With increased accessibility, efficiency and availability in online technology, Web trends are an ever-evolving and fluidic ocean of bits and bytes.
With the anonymous and Wild West style nature of the Internet, information has been sent and gathered like never before, opinions flow freely, and, in some cases, products that were once purchased are now downloaded through the tubes in a practice many governments have deemed illegal.
Whatever one’s stance might be on this subject is their own, but there is no denying the impact that pirating of media has had on both culture and business.
Avid Internetgoers will likely say that when one of these sites, such as the infamous www.supernova.org, is stopped, 10 more will pop up to take its place.
But there does appear to be hope for the open-world marketplace of the Web for companies and businesspeople utilizing it as a sales tool.
In a recent survey, the Pew Internet & American Life Project – a subsidiary of Washington, D.C.-based nonprofit, nonpartisan think tank Pew Research Center – found that nearly two-thirds of Internet users have paid to download or access digital products.
The research center surveyed 755 Internet users between Oct. 28 and Nov. 1, asking a series of questions designed to ascertain Web users’ opinions concerning intangible digital products – articles, software and music among them.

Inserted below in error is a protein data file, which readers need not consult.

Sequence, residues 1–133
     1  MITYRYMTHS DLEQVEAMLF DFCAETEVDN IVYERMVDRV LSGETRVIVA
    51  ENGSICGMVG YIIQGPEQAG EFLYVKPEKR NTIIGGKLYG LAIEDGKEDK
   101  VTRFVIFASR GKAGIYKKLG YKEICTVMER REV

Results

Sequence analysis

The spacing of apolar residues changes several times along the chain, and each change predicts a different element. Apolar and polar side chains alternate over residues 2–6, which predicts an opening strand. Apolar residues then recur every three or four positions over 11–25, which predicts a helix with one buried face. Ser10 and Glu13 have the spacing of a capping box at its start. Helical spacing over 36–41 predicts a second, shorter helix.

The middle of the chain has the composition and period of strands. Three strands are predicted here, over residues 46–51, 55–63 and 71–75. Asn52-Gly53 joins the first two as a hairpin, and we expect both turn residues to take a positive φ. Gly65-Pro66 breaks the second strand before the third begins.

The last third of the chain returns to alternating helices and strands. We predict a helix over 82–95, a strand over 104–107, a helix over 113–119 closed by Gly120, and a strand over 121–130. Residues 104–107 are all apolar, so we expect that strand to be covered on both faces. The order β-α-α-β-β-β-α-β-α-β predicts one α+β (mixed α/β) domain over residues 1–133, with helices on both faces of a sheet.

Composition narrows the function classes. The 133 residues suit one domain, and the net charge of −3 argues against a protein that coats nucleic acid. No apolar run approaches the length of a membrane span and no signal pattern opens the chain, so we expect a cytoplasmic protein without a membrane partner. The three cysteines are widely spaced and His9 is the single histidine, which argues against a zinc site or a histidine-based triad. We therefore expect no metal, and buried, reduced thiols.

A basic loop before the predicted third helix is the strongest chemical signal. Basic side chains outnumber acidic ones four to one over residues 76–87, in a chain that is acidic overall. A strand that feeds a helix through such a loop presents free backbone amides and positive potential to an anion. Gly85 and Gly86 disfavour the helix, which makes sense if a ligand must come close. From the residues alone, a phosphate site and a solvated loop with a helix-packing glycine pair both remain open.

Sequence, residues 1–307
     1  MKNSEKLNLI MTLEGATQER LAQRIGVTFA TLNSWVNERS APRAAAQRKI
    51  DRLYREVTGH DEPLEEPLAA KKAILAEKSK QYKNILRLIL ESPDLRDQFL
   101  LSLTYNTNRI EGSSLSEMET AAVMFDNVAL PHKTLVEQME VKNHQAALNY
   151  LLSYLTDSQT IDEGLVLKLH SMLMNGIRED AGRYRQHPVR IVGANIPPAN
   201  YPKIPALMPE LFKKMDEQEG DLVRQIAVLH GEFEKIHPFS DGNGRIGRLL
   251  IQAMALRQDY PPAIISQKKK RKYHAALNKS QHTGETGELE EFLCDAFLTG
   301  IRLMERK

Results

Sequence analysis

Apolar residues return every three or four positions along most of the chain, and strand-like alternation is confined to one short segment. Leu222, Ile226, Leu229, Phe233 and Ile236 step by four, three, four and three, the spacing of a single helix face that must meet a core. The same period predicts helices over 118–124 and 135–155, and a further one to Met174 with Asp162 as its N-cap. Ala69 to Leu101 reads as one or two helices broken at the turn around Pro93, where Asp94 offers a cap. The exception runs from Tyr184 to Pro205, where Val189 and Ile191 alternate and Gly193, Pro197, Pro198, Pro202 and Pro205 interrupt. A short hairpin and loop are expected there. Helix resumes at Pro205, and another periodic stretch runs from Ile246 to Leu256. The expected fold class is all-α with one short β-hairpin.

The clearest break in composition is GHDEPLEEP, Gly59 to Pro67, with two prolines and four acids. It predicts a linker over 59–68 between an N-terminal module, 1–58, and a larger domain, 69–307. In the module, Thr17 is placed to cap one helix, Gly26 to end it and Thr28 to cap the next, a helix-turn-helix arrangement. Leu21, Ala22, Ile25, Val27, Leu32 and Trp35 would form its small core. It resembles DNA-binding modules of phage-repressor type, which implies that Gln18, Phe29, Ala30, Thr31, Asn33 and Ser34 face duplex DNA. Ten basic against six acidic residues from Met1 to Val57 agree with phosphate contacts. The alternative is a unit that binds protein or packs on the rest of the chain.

Of the different types of media asked about in the query, 33 percent of users said they have paid for software, 33 percent said they have paid for digital music and 19 percent said they have paid for digital games.
Two figures are most important to Springfield Business Journal: 18 percent of users said they have paid for a digital newspaper, magazine or journal, and 11 percent said they have paid for members-only premium content from a Web site that also has free material available.
Our business news organization – no longer simply a newspaper – provides subscribers with both of these items.
The SBJ Early Friday Digital Edition, available only to subscribers, is a full PDF of the weekly issue, with a link sent to subscribers a day before the print edition arrives via mail.
Any SBJ subscriber is eligible to receive the product, and as a valued member of the aforementioned 18 percent, I would encourage you to take advantage of all that you are paying for.
That goes for sbj.net, as well. Our editorial team works throughout the week to bring our online readers daily business news, most of which falls behind the Web site’s paywall. Links to daily stories are transmitted through our Daily Update e-mail product.
Any of our subscribers, even if they typically read only the physical copy of our paper, can register for access to our Web articles at www.sbj.net/register
, which also has a link to sign up for our e-newsletters.
We’re thankful for our number of paid subscribers and will continue to work tirelessly to increase that figure and appeal to the people who represent it.
It can sometimes be difficult to determine the value of a product you can’t physically hold in your hands, but the market appears to be moving in the direction of intangible concepts being sold as tangible and marketable products.
In a sales world quickly trying to prove that online purchases can be just as real as hand-held products – like a physical newspaper, for instance – it is likely that those companies that embrace the Web’s capabilities and tools will succeed in the fast-moving Internet sales landscape.